I am Head of Service at Chadsgrove School Support Services based in Worcestershire. The service consists of specialist teaching and therapy teams who support pupils in mainstream schools (and those out of education) who have a range of needs including: specific learning difficulties (SpLDs), autism, PDA, sensory difficulties, motor difficulties, emotional based school avoidance and anxiety.
As a service, we are a Centre of Assessment Excellence for GL Assessment, utilising many of their assessments as part of our diagnostic pathways and support packages. These assessments are mainly utilised by our Learning Support Team; this team comprises of specialist teachers who assess for SpLDs and who support pupils with cognition and learning difficulties and differences.
Pupils are generally referred to our service via their school or through the local authority, however, we do also accept private assessment referrals from parents. Once a referral has been received, it is reviewed and a specialist teacher allocated.
As a service we have reviewed a variety of standardised assessments of reading over the years and particularly like the accessibility of GL Assessment’s York Assessment of Reading for Comprehension (YARC) for pupils. The material is clear and well presented, with start and discontinue points that are realistic for pupils who may struggle with reading. YARC provides assessment at both single word and prose level, allowing specialists to gain an insight, alongside other specialist assessments, of an individual’s strengths and difficulties.
The comprehension questions in YARC provide a variety of question styles, which helps specialists to build a greater understanding around language, vocabulary and inference skills. Often comprehension results lead to further exploration of vocabulary and language; in these cases, GL Assessment’s British Picture Vocabulary Scale (BPVS3) is often called upon as part of our wider battery of assessments.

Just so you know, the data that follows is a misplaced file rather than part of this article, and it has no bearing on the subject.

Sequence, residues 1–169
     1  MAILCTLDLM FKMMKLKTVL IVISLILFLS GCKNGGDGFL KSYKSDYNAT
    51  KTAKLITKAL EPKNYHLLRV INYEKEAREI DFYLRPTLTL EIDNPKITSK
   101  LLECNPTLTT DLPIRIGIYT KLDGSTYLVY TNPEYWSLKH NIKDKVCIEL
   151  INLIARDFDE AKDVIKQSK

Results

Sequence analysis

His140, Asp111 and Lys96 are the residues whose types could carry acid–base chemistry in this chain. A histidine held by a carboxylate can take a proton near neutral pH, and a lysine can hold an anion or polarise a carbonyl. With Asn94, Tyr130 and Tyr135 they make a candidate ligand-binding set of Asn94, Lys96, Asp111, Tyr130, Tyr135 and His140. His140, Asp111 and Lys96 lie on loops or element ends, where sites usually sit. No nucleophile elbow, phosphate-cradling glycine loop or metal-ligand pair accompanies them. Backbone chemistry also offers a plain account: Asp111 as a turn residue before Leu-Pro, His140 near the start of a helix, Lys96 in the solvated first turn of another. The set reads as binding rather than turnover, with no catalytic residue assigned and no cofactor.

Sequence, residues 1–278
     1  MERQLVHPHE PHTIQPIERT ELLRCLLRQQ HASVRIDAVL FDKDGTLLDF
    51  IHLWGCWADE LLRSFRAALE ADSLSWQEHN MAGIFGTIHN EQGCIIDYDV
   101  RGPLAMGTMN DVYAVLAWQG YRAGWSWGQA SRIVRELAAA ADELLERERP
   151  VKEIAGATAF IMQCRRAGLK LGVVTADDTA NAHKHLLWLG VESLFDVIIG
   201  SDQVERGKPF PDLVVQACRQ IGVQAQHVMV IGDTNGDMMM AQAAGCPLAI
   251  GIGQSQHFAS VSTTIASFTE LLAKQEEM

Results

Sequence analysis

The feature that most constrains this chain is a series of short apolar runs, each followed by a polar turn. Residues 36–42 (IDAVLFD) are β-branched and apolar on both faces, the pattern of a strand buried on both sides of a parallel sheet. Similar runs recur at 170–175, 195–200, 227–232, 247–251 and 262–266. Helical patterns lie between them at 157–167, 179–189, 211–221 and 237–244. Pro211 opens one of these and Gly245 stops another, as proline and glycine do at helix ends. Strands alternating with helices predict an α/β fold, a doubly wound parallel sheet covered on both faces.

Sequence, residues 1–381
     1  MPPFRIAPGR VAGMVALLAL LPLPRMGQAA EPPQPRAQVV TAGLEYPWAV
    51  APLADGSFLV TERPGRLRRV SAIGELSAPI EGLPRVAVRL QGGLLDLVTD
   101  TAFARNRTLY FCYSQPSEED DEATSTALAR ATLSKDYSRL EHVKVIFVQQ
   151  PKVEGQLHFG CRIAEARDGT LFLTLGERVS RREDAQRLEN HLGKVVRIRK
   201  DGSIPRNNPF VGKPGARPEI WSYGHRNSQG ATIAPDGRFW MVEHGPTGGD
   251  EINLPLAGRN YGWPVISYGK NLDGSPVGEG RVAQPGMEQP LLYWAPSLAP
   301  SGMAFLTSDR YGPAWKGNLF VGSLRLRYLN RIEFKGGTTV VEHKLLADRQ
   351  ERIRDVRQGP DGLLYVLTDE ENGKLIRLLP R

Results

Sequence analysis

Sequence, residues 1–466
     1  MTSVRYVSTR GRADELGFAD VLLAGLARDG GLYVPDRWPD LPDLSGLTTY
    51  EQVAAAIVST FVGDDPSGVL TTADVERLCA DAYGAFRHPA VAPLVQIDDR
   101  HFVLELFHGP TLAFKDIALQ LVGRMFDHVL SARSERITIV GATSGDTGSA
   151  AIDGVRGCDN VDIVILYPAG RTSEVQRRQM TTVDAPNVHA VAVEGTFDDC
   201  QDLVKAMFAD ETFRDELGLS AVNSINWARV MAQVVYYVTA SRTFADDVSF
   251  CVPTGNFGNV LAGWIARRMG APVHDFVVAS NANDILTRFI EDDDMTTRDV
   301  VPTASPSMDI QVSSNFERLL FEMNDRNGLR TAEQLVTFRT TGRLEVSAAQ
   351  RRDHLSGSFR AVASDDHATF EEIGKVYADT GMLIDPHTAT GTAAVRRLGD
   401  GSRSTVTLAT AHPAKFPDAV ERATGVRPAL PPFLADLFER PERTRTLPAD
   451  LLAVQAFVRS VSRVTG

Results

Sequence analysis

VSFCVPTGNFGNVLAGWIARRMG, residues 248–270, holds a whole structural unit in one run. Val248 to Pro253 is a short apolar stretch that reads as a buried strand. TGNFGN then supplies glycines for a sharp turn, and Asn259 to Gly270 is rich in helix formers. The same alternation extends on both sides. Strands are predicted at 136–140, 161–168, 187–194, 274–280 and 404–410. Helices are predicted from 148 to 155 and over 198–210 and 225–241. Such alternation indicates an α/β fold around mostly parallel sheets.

Alongside YARC, we also utilise GL Assessment’s Phonological Assessment Battery (PhAB2) as a core assessment. PhAB2 provides a fantastic assessment of phonological awareness, covering core components that fall within this domain. The assessment also provides subtests to review speed of phonological processing, with the rapid picture naming and rapid digit naming often being more accessible than many counterparts.
Even when a more specialised assessment has been utilised, specialist teachers will often use the rapid naming tasks in PhAB2 to correlate results and triangulate information. With phonological awareness development being sequential and cumulative, PhAB2 really does provide great data regarding gaps in knowledge and areas of difficulty; this allows targeted intervention to be put into place to support an individual’s development.
With both the YARC and the PhAB2 being standardised, their use, as part of a full cognitive profile, supports specialists to build a clear pattern of strengths and difficulties. This profile, alongside background information, informs advice regarding target setting and intervention in the classroom, as well as being used as part of the diagnostic decision process for dyslexia.
The key to effective use of standardised assessments, is knowing how to interpret them. By this I do not just mean the scoring and interpreting of psychometric standardised data, but a core understanding of what an assessment is actually showing you: what do the results mean and what impact will a difficulty in a certain area have on a pupil’s learning and development? GL Assessment’s SEND training is essential for supporting schools with this.
Advice we regularly give schools we work with is: understand the assessment. Standardised assessments are an extremely powerful tool: they can be diagnostic; they can be used to moderate and triangulate; and they can provide valuable data at whole school level to help inform teaching and learning development plans.
Chadsgrove School Support Services is a Centre of Assessment Excellence